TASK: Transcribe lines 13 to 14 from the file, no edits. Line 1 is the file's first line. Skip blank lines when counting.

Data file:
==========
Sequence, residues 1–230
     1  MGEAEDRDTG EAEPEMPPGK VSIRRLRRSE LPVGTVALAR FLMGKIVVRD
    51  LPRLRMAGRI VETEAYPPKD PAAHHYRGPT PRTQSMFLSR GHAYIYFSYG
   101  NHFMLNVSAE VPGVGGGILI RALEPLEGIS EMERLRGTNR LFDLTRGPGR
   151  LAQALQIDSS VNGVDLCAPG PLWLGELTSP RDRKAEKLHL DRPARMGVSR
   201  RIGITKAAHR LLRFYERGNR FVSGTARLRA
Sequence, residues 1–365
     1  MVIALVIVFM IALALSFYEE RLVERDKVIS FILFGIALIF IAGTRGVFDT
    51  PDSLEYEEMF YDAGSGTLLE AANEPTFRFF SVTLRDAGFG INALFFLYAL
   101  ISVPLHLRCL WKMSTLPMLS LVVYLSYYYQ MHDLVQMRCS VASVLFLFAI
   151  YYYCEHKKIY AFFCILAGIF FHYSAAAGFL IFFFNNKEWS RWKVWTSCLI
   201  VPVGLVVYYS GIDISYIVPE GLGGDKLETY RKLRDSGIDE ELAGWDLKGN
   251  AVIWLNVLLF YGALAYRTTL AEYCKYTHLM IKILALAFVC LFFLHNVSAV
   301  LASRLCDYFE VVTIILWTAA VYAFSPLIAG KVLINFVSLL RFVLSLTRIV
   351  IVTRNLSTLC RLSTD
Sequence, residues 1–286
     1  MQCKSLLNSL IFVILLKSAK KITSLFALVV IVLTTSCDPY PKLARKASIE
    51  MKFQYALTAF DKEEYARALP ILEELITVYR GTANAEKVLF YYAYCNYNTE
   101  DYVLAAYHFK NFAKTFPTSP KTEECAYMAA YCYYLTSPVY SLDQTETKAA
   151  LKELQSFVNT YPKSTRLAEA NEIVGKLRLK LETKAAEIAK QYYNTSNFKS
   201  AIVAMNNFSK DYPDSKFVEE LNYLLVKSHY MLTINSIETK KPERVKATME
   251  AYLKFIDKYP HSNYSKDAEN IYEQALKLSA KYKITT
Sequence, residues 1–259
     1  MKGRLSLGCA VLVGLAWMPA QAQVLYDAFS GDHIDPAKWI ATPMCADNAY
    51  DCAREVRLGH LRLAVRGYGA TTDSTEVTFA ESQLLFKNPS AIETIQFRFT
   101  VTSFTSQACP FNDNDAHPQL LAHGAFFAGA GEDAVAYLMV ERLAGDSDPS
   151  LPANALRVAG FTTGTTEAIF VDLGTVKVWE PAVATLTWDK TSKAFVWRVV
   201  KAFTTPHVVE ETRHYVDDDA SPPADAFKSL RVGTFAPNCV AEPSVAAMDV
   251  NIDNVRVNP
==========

   251  AVIWLNVLLF YGALAYRTTL AEYCKYTHLM IKILALAFVC LFFLHNVSAV
   301  LASRLCDYFE VVTIILWTAA VYAFSPLIAG KVLINFVSLL RFVLSLTRIV